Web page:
Home > Reviews > Live Reviews > 01/03/2014 | Beth Nielsen Chapman – The Anvil, Basingstoke

01/03/2014 | Beth Nielsen Chapman – The Anvil, Basingstoke

Lisa Ward


You’d be forgiven for not realising the successes of Beth Nielsen Chapman since she’s never reached the coveted number one spot with her own recordings. Nevertheless her songwriting successes are numerous for other artists and in light of this she’s finally reclaimed the songs, launching an album of these numbers aptly titled Uncovered earlier this year. With the likes of Faith Hill, Willie Nelson and Lorrie Morgan working with, or recording versions of Chapman’s songs, her influence spreads far and wide. 

In turn, tonight becomes a bit like a greatest hits show, and the successes just keep on rolling. That’s not to say it’s been all highs however, and the haunting Pray written just after the passing of her father couples with Simple Things (written just after her own rounds of chemo) reminds us of the fragility of the world. Elsewhere, One In A Million offers a welcome reprieve from the depressing nature of some of her songs. Later, we’re treated to a couple of numbers from her more recent children’s album (The Mighty Sky) with Test, Re-test and Verify and Rockin’ Little Neutron Star both serving to highlight her capacity to defy genre constraints.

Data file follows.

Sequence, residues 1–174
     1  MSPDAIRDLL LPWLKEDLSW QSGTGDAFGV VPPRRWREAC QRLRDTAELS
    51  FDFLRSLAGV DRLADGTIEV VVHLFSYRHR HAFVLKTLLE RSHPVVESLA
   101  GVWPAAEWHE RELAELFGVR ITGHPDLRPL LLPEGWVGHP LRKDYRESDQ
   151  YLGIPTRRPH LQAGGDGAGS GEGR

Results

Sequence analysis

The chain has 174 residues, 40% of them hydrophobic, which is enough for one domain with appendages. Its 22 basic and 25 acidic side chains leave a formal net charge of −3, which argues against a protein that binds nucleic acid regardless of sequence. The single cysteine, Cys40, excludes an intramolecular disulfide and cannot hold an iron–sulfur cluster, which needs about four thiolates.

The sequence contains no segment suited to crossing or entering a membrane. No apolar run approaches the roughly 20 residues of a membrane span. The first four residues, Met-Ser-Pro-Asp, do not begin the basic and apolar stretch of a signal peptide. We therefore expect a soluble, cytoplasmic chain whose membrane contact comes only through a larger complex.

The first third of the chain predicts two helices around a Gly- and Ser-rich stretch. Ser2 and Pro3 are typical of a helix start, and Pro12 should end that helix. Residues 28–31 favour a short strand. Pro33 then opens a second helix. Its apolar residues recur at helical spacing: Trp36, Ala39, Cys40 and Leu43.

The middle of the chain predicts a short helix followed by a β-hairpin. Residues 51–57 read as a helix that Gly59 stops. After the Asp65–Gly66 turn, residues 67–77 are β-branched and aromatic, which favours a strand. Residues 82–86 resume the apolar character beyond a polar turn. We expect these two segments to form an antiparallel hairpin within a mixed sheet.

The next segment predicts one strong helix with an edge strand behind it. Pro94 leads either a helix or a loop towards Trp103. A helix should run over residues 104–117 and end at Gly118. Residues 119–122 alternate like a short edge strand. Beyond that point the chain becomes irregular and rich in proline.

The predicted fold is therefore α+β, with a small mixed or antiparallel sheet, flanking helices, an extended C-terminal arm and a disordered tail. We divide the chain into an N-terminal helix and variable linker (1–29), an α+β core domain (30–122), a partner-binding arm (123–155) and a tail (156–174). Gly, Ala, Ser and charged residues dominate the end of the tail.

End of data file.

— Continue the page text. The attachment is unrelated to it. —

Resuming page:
This Kiss lacks the polished sheen of Hill’s version, and Meet Me Halfway sees Chapman falter with the ending, but this doesn’t dampen the night, instead highlighting her massive stage presence. The high point comes in the form of Maybe That’s All It Takes, which is stripped back with Ruth Trimble and 2/3’s of support band Red Sky July offering vocal harmonies. Elsewhere it’s the haunting Sand and Water, penned after the passing of her husband, which really hits a nerve and leaves many of the crowd searching for a tissue.

It becomes clear by the end of the night that it’s Chapman’s ability to encapsulate both love and loss into 3 minute montages that is her strong point, leaving me only to hope she doesn’t have to suffer much more of the latter to continue her success.